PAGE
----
They gotta stick with the young guys, let them make their mistakes and learn from there. I mean, Ivan Provorov’s got 120 games at the most, and he’s the number one guy [on defense]. You’ve got players there that are just looking for their first NHL goal. No excuses, but it is what it is. They’re young, and they’re gonna make those mistakes.
Back to the book for a moment- one of the few people who receives an entire chapter in the book is Ed Snider. What did he mean to you, personally?
He means hockey in Philadelphia. He means that I’ve had the opportunity to spend 50 years with this team. And I’ve had a great time, all the time, through good and through bad.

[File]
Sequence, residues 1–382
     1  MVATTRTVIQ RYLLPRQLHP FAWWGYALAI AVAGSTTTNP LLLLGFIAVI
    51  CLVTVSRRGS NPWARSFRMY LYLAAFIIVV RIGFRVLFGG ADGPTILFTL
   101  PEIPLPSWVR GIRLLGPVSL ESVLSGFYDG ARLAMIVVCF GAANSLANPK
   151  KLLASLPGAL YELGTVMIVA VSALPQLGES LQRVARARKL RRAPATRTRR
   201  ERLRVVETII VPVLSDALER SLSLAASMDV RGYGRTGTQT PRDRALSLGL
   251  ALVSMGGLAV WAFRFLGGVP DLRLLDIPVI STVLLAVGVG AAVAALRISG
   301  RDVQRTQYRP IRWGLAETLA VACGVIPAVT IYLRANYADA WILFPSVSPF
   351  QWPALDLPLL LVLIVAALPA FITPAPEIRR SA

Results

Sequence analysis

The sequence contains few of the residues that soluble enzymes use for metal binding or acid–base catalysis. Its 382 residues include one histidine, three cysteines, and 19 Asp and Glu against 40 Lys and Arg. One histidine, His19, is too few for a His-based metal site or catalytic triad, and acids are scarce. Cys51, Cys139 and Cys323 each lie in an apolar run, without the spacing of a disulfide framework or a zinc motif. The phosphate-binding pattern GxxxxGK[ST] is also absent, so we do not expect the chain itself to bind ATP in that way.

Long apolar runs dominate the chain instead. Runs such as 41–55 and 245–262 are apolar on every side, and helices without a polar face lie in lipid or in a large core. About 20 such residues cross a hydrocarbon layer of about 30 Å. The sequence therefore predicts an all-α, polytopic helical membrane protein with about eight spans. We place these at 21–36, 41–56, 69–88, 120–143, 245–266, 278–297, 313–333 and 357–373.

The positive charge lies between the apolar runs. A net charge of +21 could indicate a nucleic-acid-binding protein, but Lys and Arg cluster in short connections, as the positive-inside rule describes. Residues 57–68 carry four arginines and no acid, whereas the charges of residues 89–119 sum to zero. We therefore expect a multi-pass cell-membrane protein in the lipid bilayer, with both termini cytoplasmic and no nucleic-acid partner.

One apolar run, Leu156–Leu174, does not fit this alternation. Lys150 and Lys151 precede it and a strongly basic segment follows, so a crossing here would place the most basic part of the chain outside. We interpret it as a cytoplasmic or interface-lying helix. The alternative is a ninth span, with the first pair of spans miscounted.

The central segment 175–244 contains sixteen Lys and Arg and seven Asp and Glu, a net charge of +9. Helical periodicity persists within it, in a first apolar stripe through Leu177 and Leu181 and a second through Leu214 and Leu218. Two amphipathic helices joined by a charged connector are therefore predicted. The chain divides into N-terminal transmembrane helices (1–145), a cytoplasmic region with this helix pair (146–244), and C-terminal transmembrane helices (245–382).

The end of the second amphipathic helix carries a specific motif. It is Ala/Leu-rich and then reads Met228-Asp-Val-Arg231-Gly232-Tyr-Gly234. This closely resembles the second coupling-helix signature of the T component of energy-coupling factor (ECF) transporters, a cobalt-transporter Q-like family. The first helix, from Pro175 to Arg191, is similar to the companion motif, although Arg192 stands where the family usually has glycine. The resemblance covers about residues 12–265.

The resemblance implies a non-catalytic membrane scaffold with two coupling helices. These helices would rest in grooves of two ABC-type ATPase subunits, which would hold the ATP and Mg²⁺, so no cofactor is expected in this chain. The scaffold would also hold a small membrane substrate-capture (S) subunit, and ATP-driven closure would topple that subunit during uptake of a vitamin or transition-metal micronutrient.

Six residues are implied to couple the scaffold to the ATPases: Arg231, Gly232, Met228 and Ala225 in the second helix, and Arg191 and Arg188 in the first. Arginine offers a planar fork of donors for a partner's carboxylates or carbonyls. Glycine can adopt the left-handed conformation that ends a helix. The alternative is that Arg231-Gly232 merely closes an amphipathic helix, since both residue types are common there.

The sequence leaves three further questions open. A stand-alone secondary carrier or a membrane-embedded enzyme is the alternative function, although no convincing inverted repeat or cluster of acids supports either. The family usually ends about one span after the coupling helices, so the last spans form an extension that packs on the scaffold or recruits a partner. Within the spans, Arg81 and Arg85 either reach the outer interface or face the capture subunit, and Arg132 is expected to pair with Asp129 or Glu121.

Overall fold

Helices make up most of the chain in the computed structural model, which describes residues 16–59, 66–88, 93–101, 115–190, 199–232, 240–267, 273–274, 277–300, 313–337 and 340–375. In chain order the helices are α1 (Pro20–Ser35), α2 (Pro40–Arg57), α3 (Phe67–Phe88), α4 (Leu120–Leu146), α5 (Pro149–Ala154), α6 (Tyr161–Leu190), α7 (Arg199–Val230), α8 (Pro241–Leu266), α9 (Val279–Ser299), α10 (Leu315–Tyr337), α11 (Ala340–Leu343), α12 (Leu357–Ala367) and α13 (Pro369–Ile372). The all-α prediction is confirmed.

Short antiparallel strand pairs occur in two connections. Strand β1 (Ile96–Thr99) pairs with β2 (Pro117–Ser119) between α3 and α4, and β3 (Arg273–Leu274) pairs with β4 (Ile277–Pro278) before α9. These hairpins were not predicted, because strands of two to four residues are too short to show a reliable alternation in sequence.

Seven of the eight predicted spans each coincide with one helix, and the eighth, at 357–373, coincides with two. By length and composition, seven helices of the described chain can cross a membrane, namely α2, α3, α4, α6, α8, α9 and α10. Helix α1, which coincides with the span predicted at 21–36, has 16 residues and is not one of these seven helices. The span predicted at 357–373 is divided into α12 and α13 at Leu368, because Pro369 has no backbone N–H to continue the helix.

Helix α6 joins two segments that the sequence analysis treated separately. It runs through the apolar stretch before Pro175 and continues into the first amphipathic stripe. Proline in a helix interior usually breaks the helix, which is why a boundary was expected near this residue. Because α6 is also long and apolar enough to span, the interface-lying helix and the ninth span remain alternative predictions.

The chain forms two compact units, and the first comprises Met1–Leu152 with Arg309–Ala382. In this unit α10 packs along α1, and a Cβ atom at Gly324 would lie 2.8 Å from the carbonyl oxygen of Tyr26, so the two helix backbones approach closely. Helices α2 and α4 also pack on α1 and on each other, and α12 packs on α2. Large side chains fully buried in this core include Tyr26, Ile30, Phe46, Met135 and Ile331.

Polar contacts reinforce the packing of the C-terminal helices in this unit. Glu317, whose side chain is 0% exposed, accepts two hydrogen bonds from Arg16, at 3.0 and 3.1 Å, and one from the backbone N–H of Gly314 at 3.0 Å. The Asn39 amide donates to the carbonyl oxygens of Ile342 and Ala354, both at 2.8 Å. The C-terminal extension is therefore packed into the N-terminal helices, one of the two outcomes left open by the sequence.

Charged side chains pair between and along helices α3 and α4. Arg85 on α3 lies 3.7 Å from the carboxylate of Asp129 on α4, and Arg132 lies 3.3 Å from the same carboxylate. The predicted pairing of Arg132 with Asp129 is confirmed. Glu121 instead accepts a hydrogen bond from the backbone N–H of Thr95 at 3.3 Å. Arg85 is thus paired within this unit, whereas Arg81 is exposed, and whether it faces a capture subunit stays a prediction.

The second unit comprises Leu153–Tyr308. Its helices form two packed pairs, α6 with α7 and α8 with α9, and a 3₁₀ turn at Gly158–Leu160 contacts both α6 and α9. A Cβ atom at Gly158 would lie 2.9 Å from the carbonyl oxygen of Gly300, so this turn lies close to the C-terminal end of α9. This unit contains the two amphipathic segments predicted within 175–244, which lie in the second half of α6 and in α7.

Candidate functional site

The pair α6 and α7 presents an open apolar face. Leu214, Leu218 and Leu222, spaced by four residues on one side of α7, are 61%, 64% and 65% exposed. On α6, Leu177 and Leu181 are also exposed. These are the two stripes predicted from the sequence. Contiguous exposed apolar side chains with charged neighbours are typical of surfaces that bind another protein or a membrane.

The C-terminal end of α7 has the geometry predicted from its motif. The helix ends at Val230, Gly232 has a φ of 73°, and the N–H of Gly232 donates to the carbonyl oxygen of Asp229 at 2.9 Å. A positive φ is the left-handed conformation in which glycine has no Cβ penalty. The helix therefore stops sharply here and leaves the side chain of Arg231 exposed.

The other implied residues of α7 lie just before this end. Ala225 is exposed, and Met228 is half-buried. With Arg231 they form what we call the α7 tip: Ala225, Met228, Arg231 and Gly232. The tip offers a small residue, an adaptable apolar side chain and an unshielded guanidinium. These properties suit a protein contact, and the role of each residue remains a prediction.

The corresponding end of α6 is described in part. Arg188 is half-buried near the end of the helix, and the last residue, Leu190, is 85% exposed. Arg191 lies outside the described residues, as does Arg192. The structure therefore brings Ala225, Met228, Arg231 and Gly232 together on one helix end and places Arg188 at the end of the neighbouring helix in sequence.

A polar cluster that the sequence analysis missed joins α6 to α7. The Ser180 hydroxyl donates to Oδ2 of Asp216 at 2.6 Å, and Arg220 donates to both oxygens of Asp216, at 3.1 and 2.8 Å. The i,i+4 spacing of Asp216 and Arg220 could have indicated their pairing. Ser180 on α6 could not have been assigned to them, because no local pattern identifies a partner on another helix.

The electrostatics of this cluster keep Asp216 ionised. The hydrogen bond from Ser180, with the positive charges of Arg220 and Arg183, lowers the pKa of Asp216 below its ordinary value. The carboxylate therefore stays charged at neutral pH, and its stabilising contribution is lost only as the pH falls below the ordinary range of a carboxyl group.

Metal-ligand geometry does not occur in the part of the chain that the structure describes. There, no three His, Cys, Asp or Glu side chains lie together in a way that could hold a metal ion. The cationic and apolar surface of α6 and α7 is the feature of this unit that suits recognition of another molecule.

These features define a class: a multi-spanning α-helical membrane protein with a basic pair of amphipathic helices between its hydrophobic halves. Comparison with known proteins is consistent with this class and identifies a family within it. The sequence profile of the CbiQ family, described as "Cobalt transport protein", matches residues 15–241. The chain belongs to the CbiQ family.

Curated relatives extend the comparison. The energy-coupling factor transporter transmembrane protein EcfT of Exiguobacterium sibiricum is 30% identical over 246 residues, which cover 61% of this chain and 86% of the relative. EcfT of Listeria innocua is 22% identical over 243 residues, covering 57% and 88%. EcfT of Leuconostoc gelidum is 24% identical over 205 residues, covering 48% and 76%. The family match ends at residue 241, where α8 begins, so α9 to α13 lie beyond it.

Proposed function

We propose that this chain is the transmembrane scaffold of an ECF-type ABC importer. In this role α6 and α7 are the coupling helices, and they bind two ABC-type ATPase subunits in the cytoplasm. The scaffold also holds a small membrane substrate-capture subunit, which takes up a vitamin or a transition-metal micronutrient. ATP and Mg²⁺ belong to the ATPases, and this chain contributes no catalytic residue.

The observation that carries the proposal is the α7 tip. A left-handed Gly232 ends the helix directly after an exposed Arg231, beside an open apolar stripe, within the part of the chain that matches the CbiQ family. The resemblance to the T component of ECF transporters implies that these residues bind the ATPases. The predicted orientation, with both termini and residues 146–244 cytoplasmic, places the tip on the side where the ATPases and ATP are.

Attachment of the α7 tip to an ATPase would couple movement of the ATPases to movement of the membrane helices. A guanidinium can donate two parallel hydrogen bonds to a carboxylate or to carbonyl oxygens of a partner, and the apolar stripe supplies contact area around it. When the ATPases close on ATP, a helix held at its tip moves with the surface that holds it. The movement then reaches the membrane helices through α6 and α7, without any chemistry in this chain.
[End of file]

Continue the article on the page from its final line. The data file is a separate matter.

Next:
You always knew who was the boss with Ed. He stuck his neck out to get this team here. It’s astounding what Ed got done, and a nice man besides. Tough businessman, but a nice guy.
He means the world to me, still. I emceed the unveiling of his statue at the building. Emotionally it was difficult. Not as difficult as emceeing the memorial service for him, that was tough. But it was nice to see that he’s memorialized in a statue right outside the building.
Lastly, how long do you plan on staying on as the PA announcer?
Well, I’m in pretty good shape. I guess I’ll stay on there until I decide that I won’t, and that’s not now. I’m there and I’m enjoying my job, and doing a good job at it I think [laughs].
It’s fun to be down there. It’s just like going to work—sometimes you don’t feel like going, but as soon as you get in the car and you start moving, and you see all your friends there, it’s all good.
If These Walls Could Talk is available in bookstores everywhere.